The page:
By Marsha Greene
After a jam-packed weekend at the Toronto Screenwriting Conference, I went home feeling totally stretched â€” my mind from the insightful panelists, my voice from greeting and meeting industry folks, and my stomach from Caplanskyâ€™s grilled cheese sandwiches.
If youâ€™ve talked to me or follow me on Twitter, itâ€™s no secret that I was most looking forward to seeing Mara Brock Akil at the conference. She did not disappoint. One of her many insights from the panel was this: own your authority. When she was the youngest person in the room, she owned it to be the authority on the voices of the young characters. She was raised by a single parent, and she owned her ability to speak to that experience. Itâ€™s great advice in general, and especially for young writers trying to find their place in the room. If you havenâ€™t seen her newest BET show Being Mary Jane, you shouldâ€” itâ€™s a masterclass in owning your vision, and thereâ€™s nothing like it on television right now.
Day 1 also included â€œCrafting Mythic Stories with David. S. Goyer,â€ who delivered a fine-tuned presentation that was the perfect blend of instruction and personal reflection. He spoke about finding the universal truths in mythic stories that connect with the audience on a human level, even if your subject matter is super-human. Goyer is a total pro, and it doesnâ€™t hurt that from the middle of the theatre he looked remarkably like Stanley Tucci.
I was disappointed to have missed Corey Mandellâ€™s â€œCreating a Successful TV Series Engineâ€ in the afternoon. Call it the gift and the curse of free coffee â€” I took a bathroom break and by the time I returned to the theatre it was full. But I did manage to get highlights from the magical TSC Twitter Elves, who diligently captured each panel in a series of 140-character posts.
â€œChecking In with Eugene and Dan Levyâ€ was the perfect start for a sleepy Sunday morning. They took us through their journey of bringing Schittâ€™s Creek to the screen, and it was super fun hearing the more personal father-son moments, like when Eugene said to Dan re: the show, â€œThis isnâ€™t Girls, Daniel.â€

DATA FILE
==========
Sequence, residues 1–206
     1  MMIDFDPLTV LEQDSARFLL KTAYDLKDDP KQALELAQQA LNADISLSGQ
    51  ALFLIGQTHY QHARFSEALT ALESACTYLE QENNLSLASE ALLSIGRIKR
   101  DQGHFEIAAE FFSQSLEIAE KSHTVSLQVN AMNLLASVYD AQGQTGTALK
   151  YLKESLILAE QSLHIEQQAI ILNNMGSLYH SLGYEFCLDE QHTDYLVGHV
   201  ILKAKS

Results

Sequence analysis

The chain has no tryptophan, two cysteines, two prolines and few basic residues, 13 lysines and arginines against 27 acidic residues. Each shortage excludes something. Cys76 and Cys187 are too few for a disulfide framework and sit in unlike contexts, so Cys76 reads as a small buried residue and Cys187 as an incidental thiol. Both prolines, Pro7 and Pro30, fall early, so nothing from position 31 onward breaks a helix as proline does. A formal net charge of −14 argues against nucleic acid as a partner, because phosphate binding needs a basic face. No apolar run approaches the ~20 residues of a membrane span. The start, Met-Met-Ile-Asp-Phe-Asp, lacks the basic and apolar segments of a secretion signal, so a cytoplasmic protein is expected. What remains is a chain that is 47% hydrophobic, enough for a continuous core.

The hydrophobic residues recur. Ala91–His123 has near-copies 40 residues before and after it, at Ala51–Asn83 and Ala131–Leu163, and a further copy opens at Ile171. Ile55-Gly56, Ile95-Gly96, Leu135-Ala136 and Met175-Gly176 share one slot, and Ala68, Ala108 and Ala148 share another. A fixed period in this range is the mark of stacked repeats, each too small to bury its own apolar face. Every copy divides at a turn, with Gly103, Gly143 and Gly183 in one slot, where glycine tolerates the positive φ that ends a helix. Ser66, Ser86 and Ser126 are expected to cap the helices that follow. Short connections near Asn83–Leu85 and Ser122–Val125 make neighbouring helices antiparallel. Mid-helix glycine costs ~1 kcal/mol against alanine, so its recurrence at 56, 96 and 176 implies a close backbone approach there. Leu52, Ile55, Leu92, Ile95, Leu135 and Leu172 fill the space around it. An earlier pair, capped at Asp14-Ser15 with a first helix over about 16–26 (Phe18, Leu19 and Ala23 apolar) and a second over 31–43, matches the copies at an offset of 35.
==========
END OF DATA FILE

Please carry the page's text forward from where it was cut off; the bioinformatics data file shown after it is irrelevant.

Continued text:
Jeff Melvoinâ€™s panel â€œRunning the Show: Moving from Writer to Showrunnerâ€ managed to terrify us with the responsibilities of showrunners and delight us with the best use of clip art since the early 80s. I left it thinking, â€œYou have to be crazy to want to do this job!â€ Luckily, Melvoin implied being crazy is a prerequisite.
Day 2 ended with the hilarious Katja Blichfeld and Ben Sinclair of High Maintenance, â€œThe Greatest Show not on Television.â€ It was their first trip to Canada and they praised our politeness as a people (though I submit one ride on the TTC during rush hour would banish that opinion). While the success of their web series is probably not duplicable, they gave great insights on their collaboration with Vimeo and filmmaking on a budget.
All in all, it was a great weekend and Iâ€™m incredibly grateful to TV, eh? for the opportunity to attend the conference. Now if youâ€™ll excuse me, I have to go find out what moisturizer Mara Brock Akil uses.
A graduate of CFCâ€™s Bell Media Prime Time Television program, Marsha has a degree in Creative Writing from York University and was the recipient of the Brian Linehan Award for Outstanding Artistic Promise from Humberâ€™s TV Writing and Producing program. Marsha has lent her skills to scripted and factual productions for Discovery, Food Network, Family Channel, Global and the award-winning documentary Chinee Girl. Most recently, Marsha worked as a story editor for Global’s medical drama Remedy, and as the interactive writer for Epitomeâ€™s new teen drama series Open Heart.Â